I was an adjunct professor at CUNY college, where I taught New York family law for paralegals from 2000 to 2002. I stopped teaching after my twin girls were born to spend more time with them. Now that they are teenagers, they have found more ways to take up my time. One day I plan on returning to teaching.
I was admitted to practice law in 1994, and I became an associate with the Law Firm of Andrew A. Bokser, who was my first mentor. In 1996 I began my own practice part time in downtown Brooklyn, and in 1997, I joined the assigned counsel panel for Family Court and the Law Guardian Program. This is where I learned how to think on my feet. In 1999, I moved my office to Nassau County, sharing office space with the late Robert E. Nowak, author of New York Equitable Distribution Law. He was a walking encyclopedia of knowledge, and I miss our exchanges. I moved my office twice more in Nassau, and in 2015, I finally was able to move my practice to Suffolk County, which is where I live with my lovely wife, two teenage daughters, and two goofy dogs.
Education: S.U.N.Y. at Stony Brook University B.A. (1987). Brooklyn Law School J.D. (1993).
Admitted in New York, Second Department 1994. The Unified Court System homepage has a directory of all attorneys currently admitted to practice in New York.
Memberships: Nassau County Bar Association. Queens County Bar Association
Central Mortgage v Resheff (2nd Dept. 2016)
Represented homeowner. Bank prevailed in motion for summary judgment and obtained judgment of foreclosure. Judgment reversed in favor of homeowner.
Kaiser v Kaiser 2013 N.Y. Slip Op. 02047 (2nd Dept. 2013)
Represented husband following divorce trial. Judgment affirmed in favor of wife, partially reversed in part in favor of husband.
Mure v Mure 92 AD3d 653 (2nd Dept. 2011)
Represented wife following a divorce in which both parties appealed. Wife withdrew her cross-appeal. Husband's appeal dismissed in favor of Wife due to failure to prepare sufficient record to allow appellate review.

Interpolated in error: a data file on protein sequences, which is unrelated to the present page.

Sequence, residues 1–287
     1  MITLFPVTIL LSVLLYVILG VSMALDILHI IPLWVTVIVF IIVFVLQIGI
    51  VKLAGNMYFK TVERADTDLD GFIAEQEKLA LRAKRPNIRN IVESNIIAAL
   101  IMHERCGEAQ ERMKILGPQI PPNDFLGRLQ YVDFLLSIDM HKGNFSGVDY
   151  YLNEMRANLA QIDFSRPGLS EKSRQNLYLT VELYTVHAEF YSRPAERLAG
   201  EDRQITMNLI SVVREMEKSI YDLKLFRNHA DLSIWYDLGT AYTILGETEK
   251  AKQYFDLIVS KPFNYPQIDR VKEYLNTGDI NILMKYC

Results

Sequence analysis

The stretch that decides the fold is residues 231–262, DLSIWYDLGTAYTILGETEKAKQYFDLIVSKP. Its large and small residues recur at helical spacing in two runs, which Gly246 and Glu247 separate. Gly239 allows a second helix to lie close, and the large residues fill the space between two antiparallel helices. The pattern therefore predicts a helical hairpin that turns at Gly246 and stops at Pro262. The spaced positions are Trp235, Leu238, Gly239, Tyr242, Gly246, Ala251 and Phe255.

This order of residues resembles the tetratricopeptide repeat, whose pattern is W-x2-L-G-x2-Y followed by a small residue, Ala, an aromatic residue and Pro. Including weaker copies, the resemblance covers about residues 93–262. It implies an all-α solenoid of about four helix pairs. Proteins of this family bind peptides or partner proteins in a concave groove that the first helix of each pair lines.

Schleger v Stebelsky 79 AD3d 1133 (2nd Dept. 2010)
Represented mother who appealed from a Family Court order which declined to exercise continued jurisdiction on an interstate custody matter following a misconduct hearing under the UCCJEA, DRL 76-g. Matter transferred to Florida. Reversed in favor of mother, with New York retaining jurisdiction.
Bowe v Robinson 23 A.D.3d 555 (2nd Dept. 2005)
Represented mother. Father appealed from a Family Court order that denied father's request to modify custody. Affirmed in favor of mother.
Robinson v Fisher 275 A.D.2d 326 (2nd Dept. 2000)
Represented mother who was awarded custody in Family Court. Father appealed. Appeal dismissed in favor of mother based on father's failure to comply with CPLR 5525.
Oyang v Jeng (2nd Dept. 1999)
Represented former wife who appealed. Husband sought to evict ex wife and children. Wife asserted a counter-claim for constructive trust. The lower court granted the ex-husband's motion to strike the counter-claim of the constructive trust and assert defenses to ex-wife's claims. Reversed on appeal in favor of wife.
J. Douglas Barics, Esq.
356 Veterans Memorial Highway - Suite 3
Commack, NY 11725
Copyright © 1998-2019 by J. Douglas Barics, Esq. All rights reserved
J. Douglas Barics, Esq. – Divorce, family, matrimonial, trial and appeals lawyer in Long Island, New York.